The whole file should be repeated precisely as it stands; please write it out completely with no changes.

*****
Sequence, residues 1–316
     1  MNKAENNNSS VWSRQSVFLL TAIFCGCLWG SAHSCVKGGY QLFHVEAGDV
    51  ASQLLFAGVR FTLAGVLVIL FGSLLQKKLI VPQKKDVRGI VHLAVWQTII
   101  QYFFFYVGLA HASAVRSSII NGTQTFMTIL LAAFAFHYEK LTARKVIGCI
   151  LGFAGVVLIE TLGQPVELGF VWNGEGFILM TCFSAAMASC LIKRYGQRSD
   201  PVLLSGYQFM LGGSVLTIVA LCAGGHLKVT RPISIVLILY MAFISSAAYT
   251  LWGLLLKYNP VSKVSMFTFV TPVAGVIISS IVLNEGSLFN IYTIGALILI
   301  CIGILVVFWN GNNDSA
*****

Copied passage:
Sequence, residues 1–316
     1  MNKAENNNSS VWSRQSVFLL TAIFCGCLWG SAHSCVKGGY QLFHVEAGDV
    51  ASQLLFAGVR FTLAGVLVIL FGSLLQKKLI VPQKKDVRGI VHLAVWQTII
   101  QYFFFYVGLA HASAVRSSII NGTQTFMTIL LAAFAFHYEK LTARKVIGCI
   151  LGFAGVVLIE TLGQPVELGF VWNGEGFILM TCFSAAMASC LIKRYGQRSD
   201  PVLLSGYQFM LGGSVLTIVA LCAGGHLKVT RPISIVLILY MAFISSAAYT
   251  LWGLLLKYNP VSKVSMFTFV TPVAGVIISS IVLNEGSLFN IYTIGALILI
   301  CIGILVVFWN GNNDSA